Dead Space Remake review: Gorgeous shard of blood

- Advertisement -

Before we do our Dead Space Remake ReviewI wasn’t too sure we needed a review. While sci-fi horror is almost 15 years old, its unique set of genre-defining mechanics and interstellar horror are still going strong. Thankfully, Motive has respectfully transformed the original concept into something akin to a 2023 bet, while retaining everything that made the original grotesquely brilliant.

Motive’s Dead Space remake is certainly on a par with the best horror games of all time, but you can credit that feat to Visceral Games’ fantastic source material. It pays homage to classic movies like Alien and Event Horizon by blending body horror and survival agency, ultimately delivering what only a video game can achieve.

- Advertisement -

So even though the remake has big problems, it fully understands the task. As I read, I realized that I had forgotten what the 2008 version’s gameplay was like, and I can’t imagine going back to the original after putting on Isaac’s shiny new boots.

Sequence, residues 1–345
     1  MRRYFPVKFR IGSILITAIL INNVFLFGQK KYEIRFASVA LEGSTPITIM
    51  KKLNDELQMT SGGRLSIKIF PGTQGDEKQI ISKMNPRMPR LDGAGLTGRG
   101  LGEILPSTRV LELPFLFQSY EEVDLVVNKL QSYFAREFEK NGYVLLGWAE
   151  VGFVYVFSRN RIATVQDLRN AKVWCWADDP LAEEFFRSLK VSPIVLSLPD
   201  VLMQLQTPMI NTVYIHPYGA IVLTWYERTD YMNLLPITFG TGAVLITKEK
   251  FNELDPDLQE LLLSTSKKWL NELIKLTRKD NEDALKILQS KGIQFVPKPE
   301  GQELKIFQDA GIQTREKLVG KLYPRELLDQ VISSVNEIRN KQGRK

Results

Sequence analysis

If you’re unfamiliar with the Dead Space franchise, the third-person survival horror puts you in the shoes of Isaac Clarke, an engineer tasked with repairing a massive mining ship known as the USG Ishimura. If you love a spooky space movie, you know where things are headed, as Clarke and his maintenance crew are ambushed by a group of monstrous alien lifeforms shortly after landing.

Instead of turning the machine on and off and finishing the job, you’ll have to guide Isaac through Ishimura and fend off countless varieties of necromorphs. Both the original and the remake have something in common, but EA’s remastered space oddity has undergone significant changes that have changed the narrative and setting.